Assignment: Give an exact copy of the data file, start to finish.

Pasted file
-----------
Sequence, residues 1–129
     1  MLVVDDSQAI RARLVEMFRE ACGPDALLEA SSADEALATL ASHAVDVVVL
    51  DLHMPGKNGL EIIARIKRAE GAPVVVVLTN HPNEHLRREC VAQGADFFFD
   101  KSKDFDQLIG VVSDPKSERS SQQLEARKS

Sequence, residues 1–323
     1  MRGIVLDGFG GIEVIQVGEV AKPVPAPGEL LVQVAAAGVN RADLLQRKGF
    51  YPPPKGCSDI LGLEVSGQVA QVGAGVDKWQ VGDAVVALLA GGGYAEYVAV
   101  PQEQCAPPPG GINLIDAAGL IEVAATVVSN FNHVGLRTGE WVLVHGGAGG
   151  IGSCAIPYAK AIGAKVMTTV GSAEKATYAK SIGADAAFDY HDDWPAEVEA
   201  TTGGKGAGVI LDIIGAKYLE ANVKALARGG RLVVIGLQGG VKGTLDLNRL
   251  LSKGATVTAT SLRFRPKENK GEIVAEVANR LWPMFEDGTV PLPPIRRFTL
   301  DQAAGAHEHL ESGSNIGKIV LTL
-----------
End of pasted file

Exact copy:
Sequence, residues 1–129
     1  MLVVDDSQAI RARLVEMFRE ACGPDALLEA SSADEALATL ASHAVDVVVL
    51  DLHMPGKNGL EIIARIKRAE GAPVVVVLTN HPNEHLRREC VAQGADFFFD
   101  KSKDFDQLIG VVSDPKSERS SQQLEARKS

Sequence, residues 1–323
     1  MRGIVLDGFG GIEVIQVGEV AKPVPAPGEL LVQVAAAGVN RADLLQRKGF
    51  YPPPKGCSDI LGLEVSGQVA QVGAGVDKWQ VGDAVVALLA GGGYAEYVAV
   101  PQEQCAPPPG GINLIDAAGL IEVAATVVSN FNHVGLRTGE WVLVHGGAGG
   151  IGSCAIPYAK AIGAKVMTTV GSAEKATYAK SIGADAAFDY HDDWPAEVEA
   201  TTGGKGAGVI LDIIGAKYLE ANVKALARGG RLVVIGLQGG VKGTLDLNRL
   251  LSKGATVTAT SLRFRPKENK GEIVAEVANR LWPMFEDGTV PLPPIRRFTL
   301  DQAAGAHEHL ESGSNIGKIV LTL